As Emily Drew tells us in the card file she created to describe the lantern slides she used to illustrate lectures on Kingston history
East side South Street, near Wapping Rd. Built by Josiah Cook in  when there was a fashion for six- and eight-sided or round houses and barns. The rooms inside are attractive with corners cut off. View from S. or S.W. An older, earlier house, built in ____ had stood for many years in or close by the driveway (south). When the present house was finished, the older one was demolished and the driveway built. In the background may be seen the house recently occupied by the Varneys and some time before that by [Howland?] Sampson. See #106.
And here is #106.
Emily’s notes for this lantern slide:
(East side South St. near Wapping Rd.) Now owned by Clarence Ertman. House was built close by a much older one by Josiah Cook. Octagon and round houses were fashionable at that time (see #83) More comprehensive view than #83, shows more of farm buildings. This view is from the N. or N.W.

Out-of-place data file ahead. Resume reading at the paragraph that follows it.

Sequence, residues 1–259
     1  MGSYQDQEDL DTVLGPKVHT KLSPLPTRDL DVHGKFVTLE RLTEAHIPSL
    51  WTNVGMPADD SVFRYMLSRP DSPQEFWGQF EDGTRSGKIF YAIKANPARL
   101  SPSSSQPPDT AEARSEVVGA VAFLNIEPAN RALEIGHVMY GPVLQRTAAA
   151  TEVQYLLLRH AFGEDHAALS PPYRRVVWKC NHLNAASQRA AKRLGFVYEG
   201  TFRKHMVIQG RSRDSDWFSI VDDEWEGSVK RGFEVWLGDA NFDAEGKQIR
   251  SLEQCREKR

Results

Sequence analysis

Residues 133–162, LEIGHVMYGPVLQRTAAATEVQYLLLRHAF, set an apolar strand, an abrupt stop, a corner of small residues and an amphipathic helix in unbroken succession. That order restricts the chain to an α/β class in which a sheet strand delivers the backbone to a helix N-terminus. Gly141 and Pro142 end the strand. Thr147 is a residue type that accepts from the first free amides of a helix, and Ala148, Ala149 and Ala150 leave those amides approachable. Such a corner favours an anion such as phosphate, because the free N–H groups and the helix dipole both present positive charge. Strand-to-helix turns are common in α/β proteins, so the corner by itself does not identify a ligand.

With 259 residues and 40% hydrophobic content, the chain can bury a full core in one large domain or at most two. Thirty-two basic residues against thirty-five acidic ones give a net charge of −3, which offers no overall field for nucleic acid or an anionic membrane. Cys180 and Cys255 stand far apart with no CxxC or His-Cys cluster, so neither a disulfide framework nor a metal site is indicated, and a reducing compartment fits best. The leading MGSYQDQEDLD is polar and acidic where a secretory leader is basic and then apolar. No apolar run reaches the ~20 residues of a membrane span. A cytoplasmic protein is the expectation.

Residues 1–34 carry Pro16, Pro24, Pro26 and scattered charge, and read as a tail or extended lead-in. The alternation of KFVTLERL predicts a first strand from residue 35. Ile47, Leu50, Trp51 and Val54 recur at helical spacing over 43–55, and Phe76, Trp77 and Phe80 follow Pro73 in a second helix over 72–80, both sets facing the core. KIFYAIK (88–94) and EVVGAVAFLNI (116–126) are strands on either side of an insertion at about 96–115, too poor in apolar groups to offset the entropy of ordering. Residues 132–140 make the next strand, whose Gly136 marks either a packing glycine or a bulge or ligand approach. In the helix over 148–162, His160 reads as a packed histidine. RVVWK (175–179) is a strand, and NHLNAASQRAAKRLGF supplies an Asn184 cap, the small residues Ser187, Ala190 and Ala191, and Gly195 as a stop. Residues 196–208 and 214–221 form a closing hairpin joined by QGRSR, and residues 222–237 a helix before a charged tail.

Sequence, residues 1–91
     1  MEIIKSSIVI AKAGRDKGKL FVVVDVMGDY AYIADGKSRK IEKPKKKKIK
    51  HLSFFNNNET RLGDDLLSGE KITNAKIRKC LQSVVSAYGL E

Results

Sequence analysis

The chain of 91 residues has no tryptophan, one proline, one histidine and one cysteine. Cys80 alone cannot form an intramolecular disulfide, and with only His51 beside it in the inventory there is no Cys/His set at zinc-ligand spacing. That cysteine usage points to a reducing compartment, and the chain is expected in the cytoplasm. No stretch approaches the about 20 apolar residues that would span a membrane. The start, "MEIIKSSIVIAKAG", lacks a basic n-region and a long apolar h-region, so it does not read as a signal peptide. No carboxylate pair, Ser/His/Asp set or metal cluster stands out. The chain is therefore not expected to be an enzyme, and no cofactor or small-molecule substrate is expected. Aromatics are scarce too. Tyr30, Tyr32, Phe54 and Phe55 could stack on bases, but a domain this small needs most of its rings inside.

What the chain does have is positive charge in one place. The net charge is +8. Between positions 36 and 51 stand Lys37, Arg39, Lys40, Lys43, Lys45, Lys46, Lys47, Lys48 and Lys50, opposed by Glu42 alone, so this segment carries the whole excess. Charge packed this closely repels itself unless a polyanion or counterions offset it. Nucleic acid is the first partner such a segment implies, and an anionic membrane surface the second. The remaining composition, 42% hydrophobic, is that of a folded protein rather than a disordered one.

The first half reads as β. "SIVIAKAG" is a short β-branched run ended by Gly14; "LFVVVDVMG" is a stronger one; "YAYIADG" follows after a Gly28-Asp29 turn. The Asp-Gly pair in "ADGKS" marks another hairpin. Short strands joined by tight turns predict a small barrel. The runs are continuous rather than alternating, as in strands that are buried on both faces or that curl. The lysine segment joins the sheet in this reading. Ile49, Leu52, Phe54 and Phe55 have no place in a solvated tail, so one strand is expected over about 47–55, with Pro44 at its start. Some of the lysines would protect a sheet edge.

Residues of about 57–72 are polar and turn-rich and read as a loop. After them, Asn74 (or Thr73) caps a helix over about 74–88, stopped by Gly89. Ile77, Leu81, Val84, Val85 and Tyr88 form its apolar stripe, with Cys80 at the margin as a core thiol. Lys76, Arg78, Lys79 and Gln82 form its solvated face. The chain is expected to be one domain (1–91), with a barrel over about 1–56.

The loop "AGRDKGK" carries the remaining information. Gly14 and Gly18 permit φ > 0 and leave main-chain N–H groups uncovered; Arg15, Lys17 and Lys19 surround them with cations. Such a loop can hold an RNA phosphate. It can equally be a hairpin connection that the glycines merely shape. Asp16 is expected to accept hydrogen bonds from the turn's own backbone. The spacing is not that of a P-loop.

Beginning in 1912, the U.S. Treasury decided to get rid of all of the Confederate currency that had been hanging around for 50 years or so. They didn’t just shred it: they sent sample sets to libraries, museums and other collecting institutions.
As Franklin MacVeagh, Secretary of the Treasury (and creator of the buffalo nickel) wrote to “Librarian” at the Frederic C. Adams Public Library on February 8, 1913,
“As your Library will no doubt be interested in receiving specimens of notes issued by the Confederate States of America, for exhibition purposes, I take pleasure in sending you an assortment of the same.
“These notes came into the possession of the Union Army about the close of the Civil War, and were turned over by the War Department to the Treasury of the United States in the year 1867.
“The Treasury Department has no complete series of the notes, and in presenting such specimens as are now in its custody the Department feels assured that proper disposition will be made for their safe-keeping so as to render them of permanent value to your Library as historical relics.”
Added to the historical collection by Kingston’s first public librarian Jennie McLauthlen and kept safe by her successors in the Local History Room, they are now on exhibit as items of permanent value for your viewing pleasure.